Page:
The courts have repeatedly affirmed that religious belief does not and cannot trump state law when it comes to public accommodations.

The ACLU Files a Separate Lawsuit

The ACLU has also announced that it will be representing the couple in a separate discrimination suit. Through the suit, the couple in question is seeking the following remedies (as shown on the Washington ACLU website):

  • That Arlene’s Flowers agree not to refuse to provide flowers and other goods and services to any person on the basis of his or her sexual orientation.
  • That Arlene’s Flowers agree to write a letter of apology to Mr. Freed and Mr. Ingersoll to be published in the Tri-City Herald.
  • That Arlene’s Flowers agree to donate $5,000 to the Vista Youth Center in Kennewick, in lieu of payment of attorney’s fees.

“The refusal to sell flowers to the couple hurt them deeply. It is a disturbing reminder of the unequal treatment that gay men and women have experienced over the years,” said ACLU of Washington legal director Sarah Dunne.

This Case Isn’t About Flowers, It’s About Religious Privilege

This is the first major challenge to Washington state’s marriage equality law. More than that, it will be a convergence point for the Religious Right because it deals directly with how far religious exemptions and, in that sense, privilege, should extend. Indeed, Stutzman’s lawyers have warned (pdf) ”a number of national non-profit organizations…are ready for a fight.”

Legal analysts are already predicting this could reach the federal courts, and perhaps even the United States Supreme Court, so expect to hear more about this in the coming months.


Related Reading:

Washington Gov to Introduce Gay Marriage Bill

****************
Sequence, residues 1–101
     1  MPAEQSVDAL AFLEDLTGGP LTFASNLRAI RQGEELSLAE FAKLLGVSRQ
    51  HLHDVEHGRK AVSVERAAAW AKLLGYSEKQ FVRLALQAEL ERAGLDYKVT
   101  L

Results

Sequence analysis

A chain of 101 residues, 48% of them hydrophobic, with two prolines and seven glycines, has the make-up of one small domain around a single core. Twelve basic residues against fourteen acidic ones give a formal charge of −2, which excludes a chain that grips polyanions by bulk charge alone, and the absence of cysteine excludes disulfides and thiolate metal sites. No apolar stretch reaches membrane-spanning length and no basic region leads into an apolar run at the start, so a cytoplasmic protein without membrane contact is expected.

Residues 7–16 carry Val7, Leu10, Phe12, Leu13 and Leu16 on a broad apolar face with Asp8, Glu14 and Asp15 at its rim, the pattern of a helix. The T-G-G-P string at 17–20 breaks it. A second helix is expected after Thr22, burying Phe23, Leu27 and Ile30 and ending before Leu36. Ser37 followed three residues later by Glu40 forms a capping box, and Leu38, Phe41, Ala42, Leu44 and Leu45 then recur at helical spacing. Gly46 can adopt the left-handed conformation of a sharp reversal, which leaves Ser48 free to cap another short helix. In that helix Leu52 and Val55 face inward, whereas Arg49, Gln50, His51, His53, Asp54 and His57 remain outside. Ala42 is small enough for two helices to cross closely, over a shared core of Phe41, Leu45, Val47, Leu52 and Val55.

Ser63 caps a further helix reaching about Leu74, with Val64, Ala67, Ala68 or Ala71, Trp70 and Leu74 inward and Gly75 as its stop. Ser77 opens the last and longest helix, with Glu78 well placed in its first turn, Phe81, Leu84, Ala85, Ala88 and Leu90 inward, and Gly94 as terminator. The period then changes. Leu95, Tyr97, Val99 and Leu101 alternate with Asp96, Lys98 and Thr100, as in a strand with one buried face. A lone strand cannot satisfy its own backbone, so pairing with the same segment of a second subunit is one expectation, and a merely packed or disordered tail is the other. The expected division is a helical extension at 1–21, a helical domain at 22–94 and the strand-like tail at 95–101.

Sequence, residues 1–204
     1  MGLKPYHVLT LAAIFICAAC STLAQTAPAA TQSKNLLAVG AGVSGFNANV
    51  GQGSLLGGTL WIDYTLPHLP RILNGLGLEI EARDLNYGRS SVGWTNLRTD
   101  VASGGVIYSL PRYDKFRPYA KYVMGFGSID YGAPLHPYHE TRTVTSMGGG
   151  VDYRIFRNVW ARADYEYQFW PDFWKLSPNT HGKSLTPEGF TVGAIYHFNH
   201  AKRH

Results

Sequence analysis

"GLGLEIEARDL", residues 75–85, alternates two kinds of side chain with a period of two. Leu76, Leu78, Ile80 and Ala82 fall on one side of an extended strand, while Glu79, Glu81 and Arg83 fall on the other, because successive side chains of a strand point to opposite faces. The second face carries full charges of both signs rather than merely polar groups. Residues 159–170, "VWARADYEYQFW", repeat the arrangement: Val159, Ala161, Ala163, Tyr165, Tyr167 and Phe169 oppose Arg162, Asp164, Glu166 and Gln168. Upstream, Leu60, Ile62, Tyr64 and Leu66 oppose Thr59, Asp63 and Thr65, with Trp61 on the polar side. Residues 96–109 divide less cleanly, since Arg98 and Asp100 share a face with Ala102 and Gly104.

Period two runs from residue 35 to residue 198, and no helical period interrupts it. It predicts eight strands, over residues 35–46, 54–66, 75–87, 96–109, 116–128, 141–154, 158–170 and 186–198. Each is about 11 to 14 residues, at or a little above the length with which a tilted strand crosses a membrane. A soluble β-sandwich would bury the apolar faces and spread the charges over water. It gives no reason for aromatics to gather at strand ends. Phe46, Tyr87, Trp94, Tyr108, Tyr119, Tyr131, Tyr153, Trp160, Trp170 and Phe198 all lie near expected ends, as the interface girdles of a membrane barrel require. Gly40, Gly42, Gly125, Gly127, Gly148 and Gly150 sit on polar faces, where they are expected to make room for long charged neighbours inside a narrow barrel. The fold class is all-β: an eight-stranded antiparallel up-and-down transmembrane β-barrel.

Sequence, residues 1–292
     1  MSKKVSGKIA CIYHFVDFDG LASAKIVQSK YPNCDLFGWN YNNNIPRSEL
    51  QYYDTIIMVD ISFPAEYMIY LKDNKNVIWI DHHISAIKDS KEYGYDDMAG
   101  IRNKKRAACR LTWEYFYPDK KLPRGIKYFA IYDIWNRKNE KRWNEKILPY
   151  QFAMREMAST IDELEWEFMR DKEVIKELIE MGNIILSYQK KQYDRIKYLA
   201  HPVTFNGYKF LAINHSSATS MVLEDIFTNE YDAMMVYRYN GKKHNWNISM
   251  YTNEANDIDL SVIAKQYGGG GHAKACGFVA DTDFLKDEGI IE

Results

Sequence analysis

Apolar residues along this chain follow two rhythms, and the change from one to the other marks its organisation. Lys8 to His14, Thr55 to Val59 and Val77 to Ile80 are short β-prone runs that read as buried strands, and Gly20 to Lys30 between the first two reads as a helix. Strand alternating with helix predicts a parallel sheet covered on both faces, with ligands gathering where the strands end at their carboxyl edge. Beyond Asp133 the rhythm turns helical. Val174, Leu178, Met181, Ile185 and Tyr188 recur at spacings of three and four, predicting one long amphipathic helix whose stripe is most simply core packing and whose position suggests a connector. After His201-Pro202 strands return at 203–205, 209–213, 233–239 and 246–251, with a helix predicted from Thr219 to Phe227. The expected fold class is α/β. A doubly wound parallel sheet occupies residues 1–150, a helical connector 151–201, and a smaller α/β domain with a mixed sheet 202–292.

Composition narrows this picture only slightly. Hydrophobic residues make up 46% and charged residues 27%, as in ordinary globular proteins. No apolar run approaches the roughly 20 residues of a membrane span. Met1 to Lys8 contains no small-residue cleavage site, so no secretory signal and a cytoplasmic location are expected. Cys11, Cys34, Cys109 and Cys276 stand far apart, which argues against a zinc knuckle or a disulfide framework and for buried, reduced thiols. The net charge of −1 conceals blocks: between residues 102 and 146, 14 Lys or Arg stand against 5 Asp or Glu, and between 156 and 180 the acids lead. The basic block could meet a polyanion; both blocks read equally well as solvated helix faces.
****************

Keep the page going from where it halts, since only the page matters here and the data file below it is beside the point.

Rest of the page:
BREAKING: Washington State Legalizes Same-Sex Marriage

$88 Million Boost for WA Economy if Gay Marriage Recognized

Image credit: Thinkstock.


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John Hablinski
John Hablinski4 years ago

@Sarah, if you would perhaps check out some of the other postings on this thread you’ll learn the old signs which hung in a great many small businesses in mid-century America saying “We Reserve the Right to Refuse Service to Anyone” became useless when LBJ signed the Civil Rights Act of 1964. The florist certainly has the right to whatever religious beliefs she might hold. Businesses however operate within a set of laws. Generally if a business is open to the public they must serve the public. She can be as prejudiced as she likes on Sunday but when she opens the flower shop she may no longer act on her prejudices.

Sarah Hill
Sarah Hill4 years ago

Where are this florist's rights? Shouldn't business owners have the right to refuse service?

Biby C.
Biby C4 years ago

Before I even read the article, I can tell the florist is not Chinese.

John Hablinski
John Hablinski4 years ago